© Galerie Zacke
© Galerie Zacke
© Galerie Zacke
Catalog Number: JAD1012-029
White Jade
China. Late East. Zhou, early Han dynasty, 3rd – 2nd cent. BC
玉虎形佩-東周晚期, 漢代早期, 公元前3世紀-前2世紀
Archaic and antique Jades

Large plaques shaped as felines in profile and representing tigers were produced from the last phase of the Warring States period into the early years of the following Han dynasty. As described at length by Jessica Rawson (Chinese Jade, pp. 259 – 262) these jade plaques, derived from earlier and smaller pendants fashioned as tigers, were produced as early as the 8th century BC. Despite their relatively large size and weight, these plaques were worn as pendants, since they are almost invariably provided with a small hole for suspension. In the present example, the hole is drilled right at the top centre of the plaque, amidst the small spiraling curls which cover sections of the jade’s surface. Actually, the hole perforates some of the small spirals – as mostly visible on one side of the object – showing that it was bored after the carving of the plaque was completed, probably in order to find the perfect point of balance for hanging the jade. The tiger is represented in profile, as if crouching, the head turned down, the strong and massive legs terminating in clawed paws and emphasized through bold, plain lines: the design is very effective and conveys the idea of the compressed strength and power emanating from the muscular mass of the animal. The head of the tiger recalls those of the dragons carved at the extremities of Eastern Zhou huang pendants, such as Cat. Nos. 31 and 32: the top contour of the slanting eye is stressed by a thick, plain band, the mouth open to show the fangs, the whiskers highlighted through tiny, incised parallel lines, the pronounced snout slightly upturned, and the ear, protruding from the head, terminates in a curl. The body is then covered with small, raised and separated spirals: these, in the the front and rear limbs area, are connected by incised lines, forming an interlocked pattern. The jade retains its original white colour and translucency in half of the plaque, while it takes a suffused pinkish tone in the rest of the pendant, due to inclusions and natural weathering. The head and front paws are further marked by dense, black spots, probably caused by high iron content: the same can be observed on the back of the animal from which the long, trifurcated tail originates, and where the jade is heavily corroded. A long, natural fracture in the stone runs diagonally through the plaque whose surface still retains many soil encrustations. The jade bears many resemblances with that from which the plaque in Cat. No. 38 was carved. The tiger plaque can be paralleled to many known examples, such as the pair in the Harvard Art Museums published by Loehr, Ancient Chinese Jades, no. 438 (http://www.harvardartmuseums.org/art/204745) or the one discussed in Rawson, Chinese Jades, no. 17:13, where several other examples from public collections are cited. See also the tiger plaque from the ex-Vignier collection discussed in Salviati, Radiant Stones, no. 108. Eine in ihrer Art bedeutende und zugleich sehr seltene Jadenarbeit eines Tigers, die überaus kraftvoll ausgeführt ist, das mehr mythische Raubtier wirkungsvoll bullig. Besonders der Kopf ist ausdrucksvoll hervorgehoben. Die Jade ist beidseitig und flach und mit einem Zierwerk versehen. Das eigentümliche Aussehen des Kopfes ist vor allem aufgrund der „Haken“ gebildet. Kinn, Zähne, Nase und Ohren drehen sich hakenartig ein und enden spitz, das Kinn hat die Form eines Amboß. Die Oberlippe trägt eine Art von geschwungen verlaufendem Bart. Der kraftvolle Schweif bildet wie üblich eine Volute. Das Dekorative setzt sich aus eingeschliffenen Linien sowie erhaben ausgeführten spiraligen Buckeln zusammen. Diese kleinen Buckel (mit eingeschliffener Spiraldrehung) werden im Chinesischen „Guwen“ (穀紋) genannt, zu deutsch „Körndlmuster“. Vor allem die Partien des Nacken, Rücken und der Schenkelflächen sind damit versehen. Im Durchlicht zeigt sich eine sehr gute Transluzenz mit einem weißen, leicht grünblau angehauchten Farbton. An einigen Stellen braune bis schwärzliche Verfärbung bzw. Einschlüsse. Die Politur ist teils noch gut erhalten, etwas Korrosion an einer Stelle des Rückens.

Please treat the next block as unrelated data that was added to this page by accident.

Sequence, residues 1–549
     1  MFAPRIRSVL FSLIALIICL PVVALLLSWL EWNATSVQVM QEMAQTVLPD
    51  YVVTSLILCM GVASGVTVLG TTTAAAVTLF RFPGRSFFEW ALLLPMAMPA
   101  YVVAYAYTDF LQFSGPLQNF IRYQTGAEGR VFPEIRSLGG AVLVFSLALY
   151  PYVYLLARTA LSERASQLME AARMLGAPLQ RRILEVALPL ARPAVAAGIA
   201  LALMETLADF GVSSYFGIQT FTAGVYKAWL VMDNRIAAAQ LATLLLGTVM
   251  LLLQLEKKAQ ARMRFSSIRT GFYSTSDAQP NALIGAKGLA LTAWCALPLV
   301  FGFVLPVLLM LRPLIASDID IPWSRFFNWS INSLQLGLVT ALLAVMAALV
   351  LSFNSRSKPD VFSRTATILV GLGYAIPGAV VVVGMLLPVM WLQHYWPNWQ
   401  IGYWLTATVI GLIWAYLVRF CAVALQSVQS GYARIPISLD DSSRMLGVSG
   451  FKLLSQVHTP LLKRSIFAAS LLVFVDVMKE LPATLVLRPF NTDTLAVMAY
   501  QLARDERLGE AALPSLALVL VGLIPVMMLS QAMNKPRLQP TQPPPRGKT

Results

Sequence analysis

Univ. Prof. Dr. Filippo Salviati, German description: Wolfmar Zacken

Note: This jade comes from an old Austro-Chinese private collection and has been acquired in 1988 in Hong Kong